United States District Court, W.D. Virginia, Roanoke Division
E. CONRAD, SENIOR UNITED STATES DISTRICT JUDGE
Rasheed Abdul-Rahman Rajah, a Virginia inmate proceeding pro
se, filed this civil rights action pursuant to 42 U.S.C.
§ 1983, alleging that an officer made offensive comments
and gestures towards him. After review of the record, the
court concludes that the action must be summarily dismissed.
an inmate in the restricted housing unit at Keen Mountain
Correctional Center ("Keen Mountain"), alleges the
following sequence of events related to his § 1983
claims. On November 25, 2018, Rajah was washing himself in
preparation for his afternoon "Salat Prayers."
Compl. 2, ECF No. 1-1. Three officers approached his door,
and Officer T. McCowan knocked and asked Rajah "what
exactly" he was doing. Id. at 3. Rajah
answered, "I'm naked washing up." Id.
McCowan said, "I need to see you cleary [sic]," so
Rajah moved to stand in front of the toilet holding a
washcloth over his genitals, Id. McCowan then opened
the tray slot cover in the cell door, stuck his arm into the
cell, and "attempted to grab [Rajah's]
genitals." Id. Rajah jumped backwards, grabbed
his clothes, and dressed. McCowan "snatche[d] the paper
off [Rajah's] window and close[d] the tray slot."
Id. Rajah asked the officer for his name, and
McCowan answered, "Call me Daddy." Id., He then
said that he did not "speak African, '* and that if
Rajah cut off his beard, he "would make a pretty little
N***** Bitch." Id. Rajah asked to speak to
"the officer in charge." Id. McCowan said
that he "should handcuff [Rajah] to the bed and teach
[him] some manners and that "you Muslims should keep
your Asses in Saudi Arabia." Id. On February
11, 2019, Rajah noticed McCowan "staring at [him] thru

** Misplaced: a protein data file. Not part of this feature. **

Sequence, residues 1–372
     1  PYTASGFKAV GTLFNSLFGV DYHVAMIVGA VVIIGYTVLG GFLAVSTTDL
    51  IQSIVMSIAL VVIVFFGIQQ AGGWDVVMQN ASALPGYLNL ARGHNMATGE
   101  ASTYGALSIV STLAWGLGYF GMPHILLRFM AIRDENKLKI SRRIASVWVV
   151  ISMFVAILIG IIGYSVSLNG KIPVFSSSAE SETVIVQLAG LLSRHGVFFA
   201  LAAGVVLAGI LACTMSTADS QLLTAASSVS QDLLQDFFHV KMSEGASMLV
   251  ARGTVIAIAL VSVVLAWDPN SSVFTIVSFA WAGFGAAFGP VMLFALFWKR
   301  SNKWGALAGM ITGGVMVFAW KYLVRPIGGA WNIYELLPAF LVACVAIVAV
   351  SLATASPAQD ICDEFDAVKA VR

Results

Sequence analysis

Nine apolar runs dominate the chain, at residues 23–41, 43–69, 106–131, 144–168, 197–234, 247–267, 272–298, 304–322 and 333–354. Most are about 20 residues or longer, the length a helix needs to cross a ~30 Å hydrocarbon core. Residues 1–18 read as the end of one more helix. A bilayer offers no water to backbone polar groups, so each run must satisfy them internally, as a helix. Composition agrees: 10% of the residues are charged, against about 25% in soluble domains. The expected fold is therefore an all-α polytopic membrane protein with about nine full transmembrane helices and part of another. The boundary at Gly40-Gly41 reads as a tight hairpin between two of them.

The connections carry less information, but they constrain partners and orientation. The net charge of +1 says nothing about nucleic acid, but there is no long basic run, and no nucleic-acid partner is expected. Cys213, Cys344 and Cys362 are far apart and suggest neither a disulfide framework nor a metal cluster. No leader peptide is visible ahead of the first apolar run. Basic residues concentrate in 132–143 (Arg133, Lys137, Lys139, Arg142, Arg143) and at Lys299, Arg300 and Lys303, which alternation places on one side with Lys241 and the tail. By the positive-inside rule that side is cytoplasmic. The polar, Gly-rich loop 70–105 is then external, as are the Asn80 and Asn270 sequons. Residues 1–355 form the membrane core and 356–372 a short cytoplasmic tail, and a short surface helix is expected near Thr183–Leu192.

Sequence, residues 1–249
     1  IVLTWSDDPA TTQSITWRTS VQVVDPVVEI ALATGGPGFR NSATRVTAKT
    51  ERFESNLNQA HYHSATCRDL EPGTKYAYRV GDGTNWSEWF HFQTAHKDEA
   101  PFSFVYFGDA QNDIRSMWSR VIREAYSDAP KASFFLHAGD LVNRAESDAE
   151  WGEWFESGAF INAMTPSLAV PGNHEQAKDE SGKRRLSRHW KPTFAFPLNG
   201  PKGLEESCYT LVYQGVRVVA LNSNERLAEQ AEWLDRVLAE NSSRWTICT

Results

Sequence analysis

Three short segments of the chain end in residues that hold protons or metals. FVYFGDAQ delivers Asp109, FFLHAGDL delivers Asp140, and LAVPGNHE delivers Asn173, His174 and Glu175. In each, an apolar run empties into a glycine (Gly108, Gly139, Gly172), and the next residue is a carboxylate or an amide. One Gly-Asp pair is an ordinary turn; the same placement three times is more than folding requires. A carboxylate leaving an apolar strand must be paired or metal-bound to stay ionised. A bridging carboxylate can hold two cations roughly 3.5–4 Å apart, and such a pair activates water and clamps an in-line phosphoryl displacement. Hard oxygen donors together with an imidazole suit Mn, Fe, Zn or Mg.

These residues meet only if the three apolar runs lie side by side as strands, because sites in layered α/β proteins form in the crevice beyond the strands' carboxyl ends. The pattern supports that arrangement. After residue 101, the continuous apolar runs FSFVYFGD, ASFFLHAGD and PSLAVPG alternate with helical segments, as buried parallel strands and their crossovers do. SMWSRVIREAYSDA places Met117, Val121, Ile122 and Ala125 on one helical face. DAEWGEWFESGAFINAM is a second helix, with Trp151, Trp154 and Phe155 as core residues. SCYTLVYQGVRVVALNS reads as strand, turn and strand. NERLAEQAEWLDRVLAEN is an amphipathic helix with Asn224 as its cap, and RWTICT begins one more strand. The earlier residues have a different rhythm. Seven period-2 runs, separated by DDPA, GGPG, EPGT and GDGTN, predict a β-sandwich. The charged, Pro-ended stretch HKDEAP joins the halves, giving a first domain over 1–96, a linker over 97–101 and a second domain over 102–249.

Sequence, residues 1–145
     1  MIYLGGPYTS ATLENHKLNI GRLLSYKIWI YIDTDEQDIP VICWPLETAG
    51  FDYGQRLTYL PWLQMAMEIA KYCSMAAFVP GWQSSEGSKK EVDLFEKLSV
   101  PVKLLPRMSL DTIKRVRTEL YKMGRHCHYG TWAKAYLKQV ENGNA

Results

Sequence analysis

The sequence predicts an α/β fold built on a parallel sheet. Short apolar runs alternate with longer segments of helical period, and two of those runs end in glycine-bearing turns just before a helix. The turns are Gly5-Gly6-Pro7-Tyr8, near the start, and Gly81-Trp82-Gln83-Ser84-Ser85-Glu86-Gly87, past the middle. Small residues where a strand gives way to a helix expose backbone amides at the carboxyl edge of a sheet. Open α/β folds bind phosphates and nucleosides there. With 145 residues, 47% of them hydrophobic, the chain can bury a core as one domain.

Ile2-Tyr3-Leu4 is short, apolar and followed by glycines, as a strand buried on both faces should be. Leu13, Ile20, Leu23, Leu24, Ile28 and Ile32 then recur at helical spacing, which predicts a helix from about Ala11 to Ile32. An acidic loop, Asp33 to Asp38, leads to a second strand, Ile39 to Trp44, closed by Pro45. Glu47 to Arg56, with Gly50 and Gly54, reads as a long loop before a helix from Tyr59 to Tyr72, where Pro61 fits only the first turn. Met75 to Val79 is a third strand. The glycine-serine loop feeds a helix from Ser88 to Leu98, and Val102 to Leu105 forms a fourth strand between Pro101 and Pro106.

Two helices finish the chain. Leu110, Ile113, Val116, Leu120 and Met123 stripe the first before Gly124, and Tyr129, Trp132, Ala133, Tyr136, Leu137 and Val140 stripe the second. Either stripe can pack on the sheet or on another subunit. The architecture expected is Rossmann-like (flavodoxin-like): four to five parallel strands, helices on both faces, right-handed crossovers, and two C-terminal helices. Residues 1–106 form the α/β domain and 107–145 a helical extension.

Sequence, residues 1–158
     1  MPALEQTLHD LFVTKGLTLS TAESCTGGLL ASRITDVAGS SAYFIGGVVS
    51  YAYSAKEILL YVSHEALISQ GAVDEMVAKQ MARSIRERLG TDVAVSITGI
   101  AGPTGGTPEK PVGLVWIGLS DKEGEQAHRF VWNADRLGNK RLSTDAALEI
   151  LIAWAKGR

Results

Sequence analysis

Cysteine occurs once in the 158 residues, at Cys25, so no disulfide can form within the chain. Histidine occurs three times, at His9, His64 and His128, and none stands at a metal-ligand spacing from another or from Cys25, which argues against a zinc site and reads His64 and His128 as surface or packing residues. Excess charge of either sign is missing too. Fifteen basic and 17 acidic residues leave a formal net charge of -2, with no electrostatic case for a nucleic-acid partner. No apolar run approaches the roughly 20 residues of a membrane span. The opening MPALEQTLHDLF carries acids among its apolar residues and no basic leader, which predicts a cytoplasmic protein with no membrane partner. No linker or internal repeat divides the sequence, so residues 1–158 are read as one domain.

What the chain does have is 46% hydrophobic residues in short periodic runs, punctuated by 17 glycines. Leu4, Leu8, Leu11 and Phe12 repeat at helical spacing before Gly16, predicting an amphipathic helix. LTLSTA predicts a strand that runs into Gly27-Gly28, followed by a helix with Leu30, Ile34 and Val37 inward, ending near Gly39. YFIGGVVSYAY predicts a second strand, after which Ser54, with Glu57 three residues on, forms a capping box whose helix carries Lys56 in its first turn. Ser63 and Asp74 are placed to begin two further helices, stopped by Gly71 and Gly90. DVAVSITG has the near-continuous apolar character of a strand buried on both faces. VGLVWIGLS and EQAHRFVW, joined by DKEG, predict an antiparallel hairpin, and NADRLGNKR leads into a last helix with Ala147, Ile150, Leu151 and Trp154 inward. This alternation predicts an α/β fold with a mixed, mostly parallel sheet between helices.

the glass hallway window licking his lips while
smiling." |d, at 5.
filed complaints about McCowan's racial and sexual
comments and gestures, which Rajah believed to be violations
of prison policy. However, investigators accused Rajah of
complaining about nothing and took no action.
§ 1983 complaint, Rajah names McCowan, the warden of
Keen Mountain, and the director of the Virginia Department of
Corrections ("VDOC") as defendants. Rajah contends
that McCowan's actions violated his constitutional rights
and that the warden and the director failed to prevent
McCowan's further misbehavior after being notified of his
past actions. Rajah claims that McCowan's conduct has
aggravated his mental health problems. As relief, he seeks
monetary damages and preliminary and permanent injunctive
court must dismiss any action filed by a prisoner against a
governmental entity or officer if the court determines the
action is frivolous, malicious, or fails to state a claim on
which relief may be granted. 28 U.S.C. § 1915A(b)(1).
Allegations of verbal abuse and harassment by guards, without
more, do not state any constitutional claim. Henslee v.
Lewis, 153 Fed.Appx. 178, 180 (4th Cir. 2005) (citing
Collins v. Cundy, 603 F.2d 825, 827 (10th Cir.
1979)). Mere words alone, however offensive or disrespectful,
do not state any constitutional claim. Carter v.
Morris, 164 F.3d 215, 219 n. 3 (4th Cir. 1999) (finding
that officers' alleged use of "racial epithets"
toward plaintiff did not "by itself rise to the level of
a constitutional violation"); Keves v. City of
Albany. 594 F.Supp. 1147, 1155-56 (N.D.N.Y.1984)
("[T]he use of vile and abusive language [including
racial epithets], no matter how abhorrent or reprehensible,
cannot form the basis for a § 1983 claim" or
support claim of race discrimination).
allegations describe comments and gestures by McCowan,
nothing more. While such racially and sexually offensive
remarks are disrespectful and disturbing if true, and highly
unprofessional, they are not sufficient to form the factual
basis of an actionable constitutional claim of any sort. Such
actions may violate VDOC procedures. Allegations that
defendants failed to follow their own policies or procedures,
however, do not amount to constitutional violations.
United States v. Caceres, 440 U.S. 741, 752-55
(1978); Riccio v. Cty. of Fairfax. 907 F.2d 1459,
1469 (4th Cir. 1990) (holding that if state law grants more
procedural rights than the Constitution requires, a state
official's failure to abide by that law is not federal
may be dismissed as frivolous if it is "based on an
indisputably meritless legal theory." Neitzke v.
Williams. 490 U.S. 319, 327 (1989) (applying earlier
version of 28 U.S.C. § 1915(d) regarding dismissal of
claim as frivolous). For the stated reasons, the court
concludes that Rajah's claims here fall squarely within
this category and must be summarily dismissed, pursuant to
§ 1915A(b)(1), as frivolous. An appropriate order will
Clerk is directed to send copies of this memorandum opinion